My family in 1913, around the time of the story. My father is on the right, the little boy in the chair. 

My father was also an accomplished storyteller endowed with a prodigious memory. He was born in 1909 in Salonica, then a part of the Ottoman Empire, now Greece, and would sometimes tell me stories on Sundays, the only day I spent time with him. I loved hearing of his childhood and he reminisced his pranks and sibling rivalries, summer fun, the awful French school, but also the loss of his father, the fire that destroyed the city in 1917, and the near-famine they experienced thereafter. There were tales of companionship, adventure, endurance and privation but also of a loving family, all told to me in riveting detail.

In these days of  pandemic where we are all at home, I thought the following story, depicting an incidence of cholera that took place in 1913, would be relevant. My father was only four, and his child’s view of the events offers a slice of life of a long-gone era tinged with present significance.

My first awareness of death came a few months after the takeover of Salonica by the Greeks, in 1913. It was difficult getting used to all the changes, and people were continually reminiscing about the good old ‘tiempo del Turco’, or Time of the Turks, under which the Sephardim community had been living for the past five hundred years.  By this time, we had moved upstairs, to the middle floor of our building, with my Aunt Boulissa above and another family downstairs. One day, a member of that family became very ill. The doctor arrived, recognized the unmistakable signs of Cholera and called in the Greek sanitary services. Their reaction was swift, though we thought of it more as a calamity brought by the Greeks. They put us all in quarantine and brought in a string of gendarmes to watch over us day and night, making sure we didn’t leave the house.

There was but one way to get supplies and I enjoyed the process immensely. From a window, we would lower a hamper tied to a rope, with money inside. A bandanna covering their mouths, the pluckier greengrocers, leading donkeys saddled on both sides with baskets laden with victuals, would fill our hamper.

From the window, I could watch day after day, the sidewalk across the street being sprinkled with quicklime, poured out of a watering can. It was a whitish liquid that turned yellow after a time. The next day, it would be sprinkled with plain water until it recovered its pristine white color.

I was jubilant; I was no longer left alone with my mother all day long. Everybody stayed put at home, and it was like a holiday. I could not understand what it was all about as I had the word ‘calado’, down with a cold, mixed up with cholera. Father nervously rolled cigarettes, my brothers rehearsed their German lessons and my mother complained that the grocers took advantage of the situation by putting inferior goods into our hamper.

One morning, I discovered that the door leading downstairs to the cholera-stricken neighbor’s apartment had been left unlocked. From the landing, I caught sight of my little neighbor, Estrellica, who was chewing on something and, looking up at me said, “Do you want passicas, raisins? Come down, I’ve got a pocketful.” I climbed down and she gave me a handful. I had started eating them when I heard my mother’s imperious voice calling, “What are you doing downstairs? Get up here this minute! But what is this you are eating?” “They’re passicas, Mamica; Estrellica gave them to me.” Holding her cheeks with both hands, I heard her uttering a fearful “Oh, my God!” I thought that she was going to faint. Everyone came running and stared at me in consternation as the news of my escapade spread through the whole building like wildfire.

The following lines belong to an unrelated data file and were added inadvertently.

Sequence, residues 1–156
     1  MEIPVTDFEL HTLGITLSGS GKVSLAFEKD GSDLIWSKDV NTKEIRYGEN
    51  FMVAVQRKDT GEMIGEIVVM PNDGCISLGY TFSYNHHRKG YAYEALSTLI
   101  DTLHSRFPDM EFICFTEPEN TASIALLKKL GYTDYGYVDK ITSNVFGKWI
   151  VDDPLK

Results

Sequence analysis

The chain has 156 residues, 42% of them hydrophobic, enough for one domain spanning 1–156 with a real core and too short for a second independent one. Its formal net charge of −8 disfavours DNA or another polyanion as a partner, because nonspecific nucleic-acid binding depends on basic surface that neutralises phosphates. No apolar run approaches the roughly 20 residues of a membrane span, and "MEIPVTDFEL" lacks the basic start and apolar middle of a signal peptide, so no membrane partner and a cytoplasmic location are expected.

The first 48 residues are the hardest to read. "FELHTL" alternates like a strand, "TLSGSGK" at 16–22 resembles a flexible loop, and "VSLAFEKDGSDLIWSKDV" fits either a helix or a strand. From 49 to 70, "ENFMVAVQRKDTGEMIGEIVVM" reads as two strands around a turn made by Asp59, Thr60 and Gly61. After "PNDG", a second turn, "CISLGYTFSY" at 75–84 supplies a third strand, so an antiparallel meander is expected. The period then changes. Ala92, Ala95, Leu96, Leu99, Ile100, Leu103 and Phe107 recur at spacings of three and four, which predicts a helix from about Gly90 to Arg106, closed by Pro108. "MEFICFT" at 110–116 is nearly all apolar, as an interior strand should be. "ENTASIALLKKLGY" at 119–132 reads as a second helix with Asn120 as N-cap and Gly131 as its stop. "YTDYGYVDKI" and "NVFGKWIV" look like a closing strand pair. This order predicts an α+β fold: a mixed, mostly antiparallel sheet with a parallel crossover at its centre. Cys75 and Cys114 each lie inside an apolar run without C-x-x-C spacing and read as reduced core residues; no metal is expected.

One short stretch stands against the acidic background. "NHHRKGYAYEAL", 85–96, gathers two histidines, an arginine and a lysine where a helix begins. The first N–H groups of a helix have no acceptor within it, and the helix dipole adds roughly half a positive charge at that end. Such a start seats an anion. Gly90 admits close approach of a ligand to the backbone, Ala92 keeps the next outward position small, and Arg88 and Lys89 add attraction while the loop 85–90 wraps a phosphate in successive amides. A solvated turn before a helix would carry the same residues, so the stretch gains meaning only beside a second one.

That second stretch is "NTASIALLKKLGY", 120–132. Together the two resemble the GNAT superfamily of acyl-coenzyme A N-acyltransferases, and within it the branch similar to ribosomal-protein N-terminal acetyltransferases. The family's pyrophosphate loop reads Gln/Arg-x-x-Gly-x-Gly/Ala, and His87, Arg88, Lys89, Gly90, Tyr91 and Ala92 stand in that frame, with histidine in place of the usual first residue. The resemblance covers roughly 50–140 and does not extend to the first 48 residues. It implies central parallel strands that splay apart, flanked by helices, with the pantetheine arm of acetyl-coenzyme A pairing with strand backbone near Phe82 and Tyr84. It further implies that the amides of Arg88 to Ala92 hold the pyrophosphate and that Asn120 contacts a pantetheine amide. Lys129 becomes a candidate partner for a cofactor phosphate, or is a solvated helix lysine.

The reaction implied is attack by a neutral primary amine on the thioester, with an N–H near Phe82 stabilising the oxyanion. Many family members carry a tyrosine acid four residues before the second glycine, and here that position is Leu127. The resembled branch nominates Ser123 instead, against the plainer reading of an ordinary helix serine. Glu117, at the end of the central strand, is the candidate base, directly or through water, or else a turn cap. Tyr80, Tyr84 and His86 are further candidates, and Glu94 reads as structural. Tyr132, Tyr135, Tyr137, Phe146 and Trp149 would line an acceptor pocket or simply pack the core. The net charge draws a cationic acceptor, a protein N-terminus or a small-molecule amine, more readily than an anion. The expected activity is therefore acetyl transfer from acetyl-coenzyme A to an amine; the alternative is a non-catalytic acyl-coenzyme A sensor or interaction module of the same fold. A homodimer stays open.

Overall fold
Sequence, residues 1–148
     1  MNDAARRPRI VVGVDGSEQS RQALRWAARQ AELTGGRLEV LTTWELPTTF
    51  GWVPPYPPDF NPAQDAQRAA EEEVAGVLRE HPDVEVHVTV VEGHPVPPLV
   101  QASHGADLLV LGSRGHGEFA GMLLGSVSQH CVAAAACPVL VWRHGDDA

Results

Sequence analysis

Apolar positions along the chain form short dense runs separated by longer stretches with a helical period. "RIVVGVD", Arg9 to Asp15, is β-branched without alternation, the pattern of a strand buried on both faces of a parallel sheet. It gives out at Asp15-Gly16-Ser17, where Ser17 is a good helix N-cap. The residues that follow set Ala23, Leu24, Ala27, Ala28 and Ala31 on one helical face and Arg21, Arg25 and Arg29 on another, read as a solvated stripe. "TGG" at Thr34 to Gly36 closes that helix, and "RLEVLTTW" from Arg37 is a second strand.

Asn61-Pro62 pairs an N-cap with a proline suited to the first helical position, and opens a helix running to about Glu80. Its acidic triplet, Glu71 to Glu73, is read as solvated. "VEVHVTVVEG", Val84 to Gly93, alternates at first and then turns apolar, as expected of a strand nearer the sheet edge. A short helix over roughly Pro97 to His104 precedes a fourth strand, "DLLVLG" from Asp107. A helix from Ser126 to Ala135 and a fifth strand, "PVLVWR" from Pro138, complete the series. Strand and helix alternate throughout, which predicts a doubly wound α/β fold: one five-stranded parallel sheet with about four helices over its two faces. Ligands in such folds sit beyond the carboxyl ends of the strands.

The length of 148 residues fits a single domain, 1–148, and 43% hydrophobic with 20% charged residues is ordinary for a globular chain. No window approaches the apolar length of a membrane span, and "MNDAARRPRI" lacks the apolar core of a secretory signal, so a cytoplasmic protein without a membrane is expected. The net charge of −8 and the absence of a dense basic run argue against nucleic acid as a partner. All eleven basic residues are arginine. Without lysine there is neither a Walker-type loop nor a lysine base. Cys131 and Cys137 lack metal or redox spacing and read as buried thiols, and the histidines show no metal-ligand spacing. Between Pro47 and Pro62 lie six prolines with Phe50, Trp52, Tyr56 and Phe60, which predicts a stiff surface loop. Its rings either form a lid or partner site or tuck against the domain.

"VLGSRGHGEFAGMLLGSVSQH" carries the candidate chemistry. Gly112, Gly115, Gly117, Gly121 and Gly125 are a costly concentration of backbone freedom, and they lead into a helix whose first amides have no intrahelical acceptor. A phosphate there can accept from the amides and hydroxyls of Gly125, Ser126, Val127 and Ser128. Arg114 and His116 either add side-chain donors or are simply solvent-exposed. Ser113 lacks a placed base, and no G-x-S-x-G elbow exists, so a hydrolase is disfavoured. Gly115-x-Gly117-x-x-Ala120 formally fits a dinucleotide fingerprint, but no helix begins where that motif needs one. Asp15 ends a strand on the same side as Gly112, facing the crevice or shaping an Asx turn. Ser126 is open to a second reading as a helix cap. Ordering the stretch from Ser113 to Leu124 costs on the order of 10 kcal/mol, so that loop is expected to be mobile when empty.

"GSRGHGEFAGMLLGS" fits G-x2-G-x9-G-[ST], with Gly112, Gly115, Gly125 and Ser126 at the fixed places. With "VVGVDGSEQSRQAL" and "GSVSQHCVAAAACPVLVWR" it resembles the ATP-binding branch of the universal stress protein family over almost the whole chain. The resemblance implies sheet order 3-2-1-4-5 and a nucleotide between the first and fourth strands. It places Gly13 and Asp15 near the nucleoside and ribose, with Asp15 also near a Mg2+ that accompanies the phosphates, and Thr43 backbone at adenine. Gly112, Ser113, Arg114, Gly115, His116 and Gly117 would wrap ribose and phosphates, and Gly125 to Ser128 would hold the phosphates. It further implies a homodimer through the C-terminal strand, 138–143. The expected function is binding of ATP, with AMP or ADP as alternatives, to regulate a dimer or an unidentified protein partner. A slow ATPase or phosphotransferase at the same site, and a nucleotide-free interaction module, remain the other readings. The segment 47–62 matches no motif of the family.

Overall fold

The passicas were soon thrown down the toilet and my hands were washed in alcohol. “All we needed was this rascal Maïrico making us all croak with cholera!” was the general outcry. Father kept his composure and firmly opposed the request of all our neighbors that I be closeted alone in a bedroom to await the outbreak of the dreaded disease. My mother, as any mother would, declared that she would not hesitate to be closeted with me if necessary.

From that moment on, I became an object of great curiosity. Ten times a day, family and upstairs neighbors would inquire if I felt any bellyache or dizziness. I had never been the center of such attention and to further boost my importance, I went from one to the other just to state that I felt no bellyache at all, nor had I had any dizzy spells; and I enjoyed watching them all raise their gaze to heaven.

Our neighbor died after a few days. Her body, soaked in quicklime, was removed by the special services. From the window, we watched the solitary hearse moving away.

One thought on “Epidemic

  1. Marvellous writing Kim! What an interesting family background you have, and then your equally interesting life in India with the Tibetans. I regret never have met you personally when I was in Dharamsala. Interesting coincidence: I should be in Northern Macedonia and Greece now (Thessaloniki) on a study trip of antique Makedonia. (It was cancelled because of virus). For some years already I have been interested in the history of the Sephardic jews (I followed their traces in Spain). In preparation for the trip to Thessaloniki I am reading „Salonica City of Ghost“ by Mark Mazower and I read about the situation your father has lived through. The pictures popped up when reading your account. May you and your extended family remain in good health 🙏🙏🙏🙋‍♀️


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